The new Digital Collection website that the Norwich University Archives just launched can be a valuable resource for learning about Norwich history, whether you’re here on campus with us or far away. The story below is just one of the many that you can trace through the historical publications and images that are now online.
1912 Norwich football team. Verner Belyea is pictured in the front row, second from the right. Click on the image to view in our new digital collection.
Right here we want to say that ‘Jim’ Belyea is one of the most dangerous men that ever donned maroon and gold togs. He does his part without a word and does it mightly well.
Norwich Reveille, October 1912
Cover story in the Record previewing the fatal Holy Cross game. Click to read in our new digital collection.
In October of 1913, the Norwich community suffered a tragedy. Verner Stanley “Jim” Belyea, a junior, was badly injured in the first football game of the season against Holy Cross and died the next day. Numerous friends and colleagues made the trip to Greenfield, Massachusetts for his funeral the following week. Among them were University President Charles Spooner and football captain Ray Kimball. We have Kimball’s personal scrapbook in our collection, and it documents the sad event.
Article about Belyea’s death in the November 1913 Reveille. Click on the image to read in our new digital collection.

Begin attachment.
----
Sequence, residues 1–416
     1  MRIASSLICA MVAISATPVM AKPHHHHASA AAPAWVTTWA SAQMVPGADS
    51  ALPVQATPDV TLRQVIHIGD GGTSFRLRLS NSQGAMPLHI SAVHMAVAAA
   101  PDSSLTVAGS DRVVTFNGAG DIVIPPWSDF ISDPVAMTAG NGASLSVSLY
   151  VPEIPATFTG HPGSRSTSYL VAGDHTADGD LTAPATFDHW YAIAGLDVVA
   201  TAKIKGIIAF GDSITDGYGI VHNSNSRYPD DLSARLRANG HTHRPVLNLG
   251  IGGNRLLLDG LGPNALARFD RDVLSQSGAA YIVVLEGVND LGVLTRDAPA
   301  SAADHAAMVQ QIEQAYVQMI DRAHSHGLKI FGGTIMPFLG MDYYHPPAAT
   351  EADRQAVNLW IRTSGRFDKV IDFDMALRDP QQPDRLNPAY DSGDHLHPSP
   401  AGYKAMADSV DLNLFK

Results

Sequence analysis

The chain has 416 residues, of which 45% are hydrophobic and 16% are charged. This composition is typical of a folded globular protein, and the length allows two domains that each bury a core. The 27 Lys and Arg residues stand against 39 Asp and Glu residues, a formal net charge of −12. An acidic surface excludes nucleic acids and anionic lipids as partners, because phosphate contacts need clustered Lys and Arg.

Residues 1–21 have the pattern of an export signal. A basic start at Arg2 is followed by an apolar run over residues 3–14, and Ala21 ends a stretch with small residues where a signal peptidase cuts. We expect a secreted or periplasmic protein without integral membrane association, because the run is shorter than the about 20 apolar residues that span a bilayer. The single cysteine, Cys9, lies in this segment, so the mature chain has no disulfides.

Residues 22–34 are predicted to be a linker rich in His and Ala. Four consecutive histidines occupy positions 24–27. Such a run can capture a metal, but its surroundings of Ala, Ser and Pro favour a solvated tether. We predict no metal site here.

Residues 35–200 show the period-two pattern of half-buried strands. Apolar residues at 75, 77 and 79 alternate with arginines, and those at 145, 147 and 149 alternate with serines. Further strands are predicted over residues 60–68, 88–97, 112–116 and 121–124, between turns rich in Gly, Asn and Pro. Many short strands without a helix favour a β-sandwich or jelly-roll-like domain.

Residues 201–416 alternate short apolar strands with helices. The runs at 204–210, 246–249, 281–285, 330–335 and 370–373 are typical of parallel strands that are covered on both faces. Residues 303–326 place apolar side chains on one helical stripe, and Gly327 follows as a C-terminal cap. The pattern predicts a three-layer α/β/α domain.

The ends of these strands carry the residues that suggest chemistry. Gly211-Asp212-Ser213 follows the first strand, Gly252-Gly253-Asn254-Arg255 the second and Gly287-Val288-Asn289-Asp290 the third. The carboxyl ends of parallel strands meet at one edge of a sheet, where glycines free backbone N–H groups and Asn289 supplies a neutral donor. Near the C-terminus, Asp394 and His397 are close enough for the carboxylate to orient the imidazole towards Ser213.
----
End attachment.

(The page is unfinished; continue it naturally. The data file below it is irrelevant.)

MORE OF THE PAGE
You can read about Belyea’s life and untimely death in the Record and Reveille on our new Digital Collection website, which features, among other things, searchable digital copies of Norwich publications from the early 20th century. Much was written about Belyea’s prowess in football and baseball as a freshman and sophomore. The cover story (see left) in the September 1913 issue of the Record, published just before the fateful Holy Cross game, declared that “Belyea, all in all, in the writer’s opinion, is probably the best football player that ever donned a Norwich uniform and will be a wonder this year.” The November 1913 issue of the Reveille (see right) featured a moving tribute and account of the cadets’ trip to Greenfield for the funeral.
Belyea’s death came on the heels of another football tragedy at Norwich, the death of Leonard Clarkson in 1907. Football was a dangerous sport in the early 20th century, a fact that was recognized by the formation of the precursor to the NCAA in 1905 in an attempt to codify safer rules. Read more about that in our previous post about the history of football.